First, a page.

The story of Pearce and Abel is one which has long ignited the imagination of Islanders, particularly in the Souris area, for it conjures in the mind a timeless sense of drama and intrigue, of justice and corruption, and of moral ambiguity. It is a true parable and testament to the hardships of life faced by our earliest settlers, and it is a constant reminder of the threat of bureaucratic overreach and what it can do to a man. We as Islanders have always seen ourselves as something of an underdog in the greater scheme of things, and so, most of all, the story of Pearce and Abel resonates with us because it serves as a cautionary tale of what can happen when an innocent man is pushed to his breaking point.
The Land Question
When it had last been settled the Prince Edward Island was to remain in control of the British, a problem soon arose as to the settlement and development of the Island. The problem was presented to the Commissioners for Trade and Plantations, who then had the Island surveyed, in great detail, by Samuel Holland.
Upon conclusion of his survey, he divided the Island into sixty-seven lots of 20 000 acres each, which were then distributed, in July of 1767, by means of ballot to those were owed compensation by the Crown for “military or other service” (2).
In exchange for the considerable land grant, the new landowners, known officially as proprietors, were expected to settle their lots with a proportionate population of one person for every 200 acres, and to pay a certain quit-rent to the Crown to provide the settlers with essential community services such as courts, roads, schools, and government administration.
Further, it was stipulated that if the proprietor failed to uphold their end of the agreement, the entire lot in question was to be forfeited back to the Crown (2).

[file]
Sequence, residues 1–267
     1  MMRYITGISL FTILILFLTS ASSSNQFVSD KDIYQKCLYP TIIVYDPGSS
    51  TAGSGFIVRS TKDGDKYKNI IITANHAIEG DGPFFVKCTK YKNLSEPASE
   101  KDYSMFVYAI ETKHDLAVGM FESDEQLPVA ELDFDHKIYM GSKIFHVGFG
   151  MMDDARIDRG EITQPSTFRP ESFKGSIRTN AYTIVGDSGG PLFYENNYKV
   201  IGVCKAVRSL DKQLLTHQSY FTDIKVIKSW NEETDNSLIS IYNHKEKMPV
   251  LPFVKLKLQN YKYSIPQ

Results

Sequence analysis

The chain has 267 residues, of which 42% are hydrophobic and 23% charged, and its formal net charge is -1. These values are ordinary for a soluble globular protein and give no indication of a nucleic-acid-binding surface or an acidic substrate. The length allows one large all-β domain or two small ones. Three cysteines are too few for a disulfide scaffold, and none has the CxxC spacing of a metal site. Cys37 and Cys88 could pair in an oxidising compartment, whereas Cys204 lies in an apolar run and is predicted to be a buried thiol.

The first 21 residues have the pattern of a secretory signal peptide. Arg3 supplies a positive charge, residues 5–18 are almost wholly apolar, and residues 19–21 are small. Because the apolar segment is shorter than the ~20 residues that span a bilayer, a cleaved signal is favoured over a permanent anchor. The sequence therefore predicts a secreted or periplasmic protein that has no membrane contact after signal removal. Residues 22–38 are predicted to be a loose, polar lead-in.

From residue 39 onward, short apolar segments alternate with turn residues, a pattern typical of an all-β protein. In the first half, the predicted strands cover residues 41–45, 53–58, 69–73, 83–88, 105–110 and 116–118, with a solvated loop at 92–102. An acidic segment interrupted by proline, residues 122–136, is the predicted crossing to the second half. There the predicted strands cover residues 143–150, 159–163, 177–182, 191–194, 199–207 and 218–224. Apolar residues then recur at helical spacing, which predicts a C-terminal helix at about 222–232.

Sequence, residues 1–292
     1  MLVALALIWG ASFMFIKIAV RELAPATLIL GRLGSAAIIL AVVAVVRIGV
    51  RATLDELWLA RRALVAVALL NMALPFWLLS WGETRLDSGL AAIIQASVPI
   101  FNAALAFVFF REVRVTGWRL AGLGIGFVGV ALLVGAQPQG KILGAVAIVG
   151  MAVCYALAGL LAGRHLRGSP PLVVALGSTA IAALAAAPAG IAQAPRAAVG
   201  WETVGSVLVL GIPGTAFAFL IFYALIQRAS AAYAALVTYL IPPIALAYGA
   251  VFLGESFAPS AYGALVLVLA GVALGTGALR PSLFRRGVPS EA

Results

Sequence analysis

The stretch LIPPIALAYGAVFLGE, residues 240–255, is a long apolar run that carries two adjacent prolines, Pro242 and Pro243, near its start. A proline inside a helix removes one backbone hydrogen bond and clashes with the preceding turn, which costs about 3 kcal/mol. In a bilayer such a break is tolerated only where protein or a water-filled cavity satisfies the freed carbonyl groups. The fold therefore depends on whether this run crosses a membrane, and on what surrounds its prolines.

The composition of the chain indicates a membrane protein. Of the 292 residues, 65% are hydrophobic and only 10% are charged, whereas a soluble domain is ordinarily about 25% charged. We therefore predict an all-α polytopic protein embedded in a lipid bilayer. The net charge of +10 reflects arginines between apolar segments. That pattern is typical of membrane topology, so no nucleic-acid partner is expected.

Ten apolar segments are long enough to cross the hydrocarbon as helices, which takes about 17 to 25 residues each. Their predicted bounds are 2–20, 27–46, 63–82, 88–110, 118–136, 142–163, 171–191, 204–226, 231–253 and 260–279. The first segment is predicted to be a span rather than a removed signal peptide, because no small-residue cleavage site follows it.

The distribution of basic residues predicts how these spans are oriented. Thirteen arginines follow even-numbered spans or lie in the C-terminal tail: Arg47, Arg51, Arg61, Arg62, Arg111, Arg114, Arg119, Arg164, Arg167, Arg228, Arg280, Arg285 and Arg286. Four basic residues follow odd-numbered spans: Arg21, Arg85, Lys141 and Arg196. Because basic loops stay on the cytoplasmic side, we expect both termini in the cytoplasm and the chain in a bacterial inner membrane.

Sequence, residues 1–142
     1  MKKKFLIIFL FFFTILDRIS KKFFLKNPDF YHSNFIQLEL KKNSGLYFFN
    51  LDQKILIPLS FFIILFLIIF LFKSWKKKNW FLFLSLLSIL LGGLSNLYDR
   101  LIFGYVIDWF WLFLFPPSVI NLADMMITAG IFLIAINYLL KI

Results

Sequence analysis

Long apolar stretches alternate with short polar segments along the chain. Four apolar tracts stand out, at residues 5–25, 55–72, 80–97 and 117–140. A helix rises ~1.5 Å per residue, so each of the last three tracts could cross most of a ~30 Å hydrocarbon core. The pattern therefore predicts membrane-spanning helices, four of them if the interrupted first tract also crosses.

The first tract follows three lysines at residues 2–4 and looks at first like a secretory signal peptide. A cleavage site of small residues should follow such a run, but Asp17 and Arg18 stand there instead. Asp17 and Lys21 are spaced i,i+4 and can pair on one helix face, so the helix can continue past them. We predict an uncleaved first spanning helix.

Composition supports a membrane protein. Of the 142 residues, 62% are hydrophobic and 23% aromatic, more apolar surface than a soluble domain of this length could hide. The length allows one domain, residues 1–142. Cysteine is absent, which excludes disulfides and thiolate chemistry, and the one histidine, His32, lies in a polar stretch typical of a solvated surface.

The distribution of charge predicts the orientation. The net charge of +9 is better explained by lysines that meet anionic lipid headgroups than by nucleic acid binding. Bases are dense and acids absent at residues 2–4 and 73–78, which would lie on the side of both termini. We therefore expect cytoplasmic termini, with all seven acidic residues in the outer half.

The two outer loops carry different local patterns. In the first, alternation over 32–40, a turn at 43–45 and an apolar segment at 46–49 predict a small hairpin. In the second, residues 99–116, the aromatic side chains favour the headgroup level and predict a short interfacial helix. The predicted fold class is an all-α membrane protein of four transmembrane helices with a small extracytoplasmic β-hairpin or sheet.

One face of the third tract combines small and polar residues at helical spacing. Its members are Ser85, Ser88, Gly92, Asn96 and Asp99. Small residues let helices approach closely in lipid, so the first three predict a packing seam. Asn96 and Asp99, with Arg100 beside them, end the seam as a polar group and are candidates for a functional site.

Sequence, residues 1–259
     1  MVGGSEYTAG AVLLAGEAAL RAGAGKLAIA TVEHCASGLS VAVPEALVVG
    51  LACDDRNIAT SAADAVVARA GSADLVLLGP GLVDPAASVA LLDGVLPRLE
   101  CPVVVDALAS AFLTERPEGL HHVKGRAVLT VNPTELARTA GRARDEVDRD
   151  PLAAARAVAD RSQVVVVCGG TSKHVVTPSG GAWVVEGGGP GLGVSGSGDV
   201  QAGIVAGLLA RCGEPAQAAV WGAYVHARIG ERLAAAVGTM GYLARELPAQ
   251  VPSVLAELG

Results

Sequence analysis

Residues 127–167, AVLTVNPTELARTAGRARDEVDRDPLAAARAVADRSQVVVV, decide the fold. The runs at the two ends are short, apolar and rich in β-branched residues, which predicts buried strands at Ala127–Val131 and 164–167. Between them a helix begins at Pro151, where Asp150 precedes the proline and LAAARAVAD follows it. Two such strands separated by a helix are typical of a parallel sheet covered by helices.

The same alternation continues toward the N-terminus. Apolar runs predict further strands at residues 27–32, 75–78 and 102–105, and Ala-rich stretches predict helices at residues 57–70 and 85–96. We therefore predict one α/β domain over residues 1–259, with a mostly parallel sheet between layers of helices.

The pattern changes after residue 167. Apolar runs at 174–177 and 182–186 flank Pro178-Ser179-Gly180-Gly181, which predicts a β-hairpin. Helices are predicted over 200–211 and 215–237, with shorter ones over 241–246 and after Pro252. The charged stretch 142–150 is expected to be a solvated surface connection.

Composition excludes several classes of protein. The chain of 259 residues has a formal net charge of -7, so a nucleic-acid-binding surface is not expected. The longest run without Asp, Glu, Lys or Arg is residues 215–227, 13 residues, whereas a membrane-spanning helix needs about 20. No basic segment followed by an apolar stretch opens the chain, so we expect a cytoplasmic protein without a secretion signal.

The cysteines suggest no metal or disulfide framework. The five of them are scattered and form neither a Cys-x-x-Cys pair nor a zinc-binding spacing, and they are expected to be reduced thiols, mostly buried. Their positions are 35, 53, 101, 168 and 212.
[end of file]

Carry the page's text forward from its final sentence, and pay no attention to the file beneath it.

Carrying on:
Settling Lot 43
Whether through fate or fortune, ownership of Lot 43 eventually fell upon Lord James Townshend, who entrusted one Edward Abel (also spelled Abell) “a farmer and merchant” to act as his agent (O’Grady). Abel was well-to-do by the standards of his day (2), however he was not a popular man among the people of the area. Captain Frederick Marryat, an English sailor and novelist who met Abel on the Island in 1811, wrote in his book, Frank Mildmay, or the Naval Officer: “This fellow called himself the steward, and from all I could see of him during our three week’s stay, he appeared to be rascal enough for the stewardship of any nobleman’s estate in England.”
Other contemporary reports of Abel all echo the same sentiment, namely that he was “officious and obnoxious in his dealings with tenants, and, it is said, “applied for so many summonses and foreclosures against the tenants in distress that he sometimes found it difficult to get a Justice of the Peace to act for him” (3). Both Nicholas Falla and John McKie, whose names appear in early Bay Fortune Church records, refused to act for Abel, Falla saying on one occasion, “It is unpleasant business” (2).
This opinion is echoed by the late Harry Burke of Fortune, in a taped conversation recorded years ago: “I guess he was a good enough man for the people he was working for, but he was a cruel son-of-a-gun.” (2).
Despite his parsimonious behavior with the tenants, Abel lived in relative prosperity; he lived in a cottage on the Cape, which was in Lot 43, and also owned a 500 acre property at Red House (3) which he used as a sort of country residence (2).